Firefighters Battle Blazes, Extreme Heat

When that siren roars in the summertime, firefighters battle more than just a blaze.

"You just get caught up in what you're doing that you don't realize how hot you're getting until it's too late," Pascagoula Fire Capt. Ben Burgin.

And when that adrenaline wears off, heat exhaustion can set in.

"Their tendency is to think they can just go, go, go and not stop. We have to watch them very closely this time of the year," Burgin said.

So they take extra precautions filling water coolers, resting in the truck's air conditioning, and bringing in backup when needed.

"You can't last as long. In the wintertime, fire fighting is a whole lot easier than it is in the summertime," Burgin said.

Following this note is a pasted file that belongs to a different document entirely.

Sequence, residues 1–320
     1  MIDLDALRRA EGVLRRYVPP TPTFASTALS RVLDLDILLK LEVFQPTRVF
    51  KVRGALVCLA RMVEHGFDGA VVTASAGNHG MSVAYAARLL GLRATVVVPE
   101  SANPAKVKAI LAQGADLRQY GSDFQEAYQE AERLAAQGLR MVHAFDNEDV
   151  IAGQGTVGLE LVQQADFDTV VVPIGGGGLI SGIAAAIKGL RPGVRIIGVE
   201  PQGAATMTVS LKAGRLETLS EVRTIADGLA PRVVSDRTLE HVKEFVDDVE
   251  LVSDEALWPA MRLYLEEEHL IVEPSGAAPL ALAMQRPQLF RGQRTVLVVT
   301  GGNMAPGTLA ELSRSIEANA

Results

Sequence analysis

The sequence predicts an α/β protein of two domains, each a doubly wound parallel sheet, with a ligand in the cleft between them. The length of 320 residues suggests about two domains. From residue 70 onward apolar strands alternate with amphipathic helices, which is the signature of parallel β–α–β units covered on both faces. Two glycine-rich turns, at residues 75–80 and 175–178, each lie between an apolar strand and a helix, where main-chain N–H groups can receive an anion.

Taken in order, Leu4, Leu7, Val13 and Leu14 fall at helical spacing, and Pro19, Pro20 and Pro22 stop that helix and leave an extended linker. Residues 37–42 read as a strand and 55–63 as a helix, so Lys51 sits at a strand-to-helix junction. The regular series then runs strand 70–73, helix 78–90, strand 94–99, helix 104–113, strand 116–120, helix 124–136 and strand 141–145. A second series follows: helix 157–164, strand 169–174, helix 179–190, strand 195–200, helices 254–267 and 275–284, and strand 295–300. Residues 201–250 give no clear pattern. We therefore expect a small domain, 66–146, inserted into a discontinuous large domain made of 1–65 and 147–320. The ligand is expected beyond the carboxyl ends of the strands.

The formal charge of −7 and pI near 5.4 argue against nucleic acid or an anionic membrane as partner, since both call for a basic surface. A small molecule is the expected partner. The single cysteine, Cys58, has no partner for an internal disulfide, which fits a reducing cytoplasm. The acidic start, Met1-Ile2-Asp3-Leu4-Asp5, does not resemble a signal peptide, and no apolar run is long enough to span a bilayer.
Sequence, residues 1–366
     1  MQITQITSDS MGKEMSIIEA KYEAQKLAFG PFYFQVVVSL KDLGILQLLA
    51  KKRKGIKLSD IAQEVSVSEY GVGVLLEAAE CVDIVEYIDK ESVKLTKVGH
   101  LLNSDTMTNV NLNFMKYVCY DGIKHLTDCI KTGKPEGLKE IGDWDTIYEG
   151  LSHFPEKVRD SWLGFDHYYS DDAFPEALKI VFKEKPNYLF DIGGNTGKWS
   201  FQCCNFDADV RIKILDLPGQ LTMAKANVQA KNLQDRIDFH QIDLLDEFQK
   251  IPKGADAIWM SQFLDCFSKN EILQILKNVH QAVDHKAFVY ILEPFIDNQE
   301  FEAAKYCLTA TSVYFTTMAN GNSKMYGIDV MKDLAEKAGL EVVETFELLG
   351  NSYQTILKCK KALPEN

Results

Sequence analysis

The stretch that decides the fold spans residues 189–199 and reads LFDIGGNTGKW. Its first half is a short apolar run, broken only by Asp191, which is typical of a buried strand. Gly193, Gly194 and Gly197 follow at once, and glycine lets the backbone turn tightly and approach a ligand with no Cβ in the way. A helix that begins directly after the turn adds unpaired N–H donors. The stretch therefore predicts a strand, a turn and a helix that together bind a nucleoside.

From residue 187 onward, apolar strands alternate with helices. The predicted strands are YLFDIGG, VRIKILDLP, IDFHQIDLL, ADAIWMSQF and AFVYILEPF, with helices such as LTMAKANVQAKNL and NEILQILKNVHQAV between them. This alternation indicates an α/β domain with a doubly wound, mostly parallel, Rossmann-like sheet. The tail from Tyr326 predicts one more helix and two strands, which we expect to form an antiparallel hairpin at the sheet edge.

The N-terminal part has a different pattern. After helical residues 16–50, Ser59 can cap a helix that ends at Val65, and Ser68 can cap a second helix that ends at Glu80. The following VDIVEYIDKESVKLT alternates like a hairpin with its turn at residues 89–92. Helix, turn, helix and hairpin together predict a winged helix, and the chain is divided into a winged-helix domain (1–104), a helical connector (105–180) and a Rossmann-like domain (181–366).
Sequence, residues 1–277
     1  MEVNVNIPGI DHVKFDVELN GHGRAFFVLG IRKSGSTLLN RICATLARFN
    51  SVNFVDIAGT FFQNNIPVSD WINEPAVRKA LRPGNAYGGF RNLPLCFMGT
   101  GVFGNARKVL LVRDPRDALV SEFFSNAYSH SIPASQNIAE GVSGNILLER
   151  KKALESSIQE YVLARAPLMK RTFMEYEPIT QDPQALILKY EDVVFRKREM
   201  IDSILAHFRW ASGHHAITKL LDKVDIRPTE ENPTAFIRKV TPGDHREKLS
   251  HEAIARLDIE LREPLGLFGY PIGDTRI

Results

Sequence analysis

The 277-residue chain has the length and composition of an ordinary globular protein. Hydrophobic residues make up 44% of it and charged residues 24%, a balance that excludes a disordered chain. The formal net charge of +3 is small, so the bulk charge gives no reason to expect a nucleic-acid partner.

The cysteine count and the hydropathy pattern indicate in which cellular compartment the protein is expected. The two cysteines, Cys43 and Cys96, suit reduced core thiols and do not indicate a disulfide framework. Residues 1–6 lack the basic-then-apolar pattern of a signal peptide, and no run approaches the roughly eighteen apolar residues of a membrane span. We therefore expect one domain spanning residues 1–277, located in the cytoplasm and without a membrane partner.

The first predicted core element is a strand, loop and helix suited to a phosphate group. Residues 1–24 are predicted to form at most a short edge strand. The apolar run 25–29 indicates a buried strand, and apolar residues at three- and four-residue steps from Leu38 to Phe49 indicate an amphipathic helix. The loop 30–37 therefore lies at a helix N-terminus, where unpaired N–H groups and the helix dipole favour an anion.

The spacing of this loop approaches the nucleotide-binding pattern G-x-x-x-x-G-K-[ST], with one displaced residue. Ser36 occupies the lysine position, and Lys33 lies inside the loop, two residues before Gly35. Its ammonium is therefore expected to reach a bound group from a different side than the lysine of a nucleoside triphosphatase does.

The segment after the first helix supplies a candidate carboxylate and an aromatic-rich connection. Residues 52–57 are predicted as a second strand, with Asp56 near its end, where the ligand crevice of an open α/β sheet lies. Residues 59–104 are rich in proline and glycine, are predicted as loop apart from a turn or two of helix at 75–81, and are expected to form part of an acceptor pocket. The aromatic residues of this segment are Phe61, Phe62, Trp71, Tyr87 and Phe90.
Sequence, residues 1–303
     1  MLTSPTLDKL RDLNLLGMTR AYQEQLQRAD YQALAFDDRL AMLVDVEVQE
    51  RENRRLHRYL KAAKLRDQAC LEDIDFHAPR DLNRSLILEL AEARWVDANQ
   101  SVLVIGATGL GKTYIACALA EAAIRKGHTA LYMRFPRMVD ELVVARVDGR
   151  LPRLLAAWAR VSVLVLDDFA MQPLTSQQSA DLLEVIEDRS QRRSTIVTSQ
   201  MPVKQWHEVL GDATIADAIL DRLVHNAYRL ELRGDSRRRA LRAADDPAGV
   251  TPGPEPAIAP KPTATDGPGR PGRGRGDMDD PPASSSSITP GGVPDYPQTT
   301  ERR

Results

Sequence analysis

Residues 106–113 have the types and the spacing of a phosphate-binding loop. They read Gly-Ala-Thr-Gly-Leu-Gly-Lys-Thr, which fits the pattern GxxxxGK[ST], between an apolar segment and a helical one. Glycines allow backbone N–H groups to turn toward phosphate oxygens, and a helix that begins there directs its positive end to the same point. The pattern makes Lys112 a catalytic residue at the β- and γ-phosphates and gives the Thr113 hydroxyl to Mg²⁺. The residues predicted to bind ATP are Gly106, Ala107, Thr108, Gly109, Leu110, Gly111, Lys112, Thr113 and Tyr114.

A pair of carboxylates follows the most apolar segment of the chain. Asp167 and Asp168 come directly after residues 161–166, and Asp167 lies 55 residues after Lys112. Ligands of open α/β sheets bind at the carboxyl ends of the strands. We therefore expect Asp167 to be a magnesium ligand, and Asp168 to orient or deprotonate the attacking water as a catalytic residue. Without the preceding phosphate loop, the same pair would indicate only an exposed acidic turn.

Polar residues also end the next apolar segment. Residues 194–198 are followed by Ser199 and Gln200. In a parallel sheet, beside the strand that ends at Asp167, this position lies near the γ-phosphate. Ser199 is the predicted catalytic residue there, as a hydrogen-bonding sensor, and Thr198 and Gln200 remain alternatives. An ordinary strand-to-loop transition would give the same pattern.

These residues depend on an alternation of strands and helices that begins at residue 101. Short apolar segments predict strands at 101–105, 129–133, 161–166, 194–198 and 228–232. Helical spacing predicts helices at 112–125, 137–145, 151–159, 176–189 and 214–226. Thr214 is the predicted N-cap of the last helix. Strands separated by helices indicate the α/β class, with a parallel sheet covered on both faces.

Suiting up with 50 pounds of equipment is hard enough. You start to sweat the minute you put it on. But imagine going into a burning building, where temperatures are unbearable.

"You can easily experience a thousand degrees in there. It changes everything," Burgin said.

Getting into the gear is tough, but breathing from the mask was the hardest part. Firefighters say try that when you're surrounded by flames.

"You can't understand what it's like until you get in there. It's just indescribable," Burgin said.

Whether it's hot or not, Burgin says it comes with the territory.

"You love the job and you can't let the temperature dictate what you do. It makes it more difficult, we take more precautions, but at the end of the day, you still do what you're paid for," Burgin said.

The majority of Pascagoula firefighters on each shift are EMTs, so in case of heat exhaustion, someone is right there provide assistance.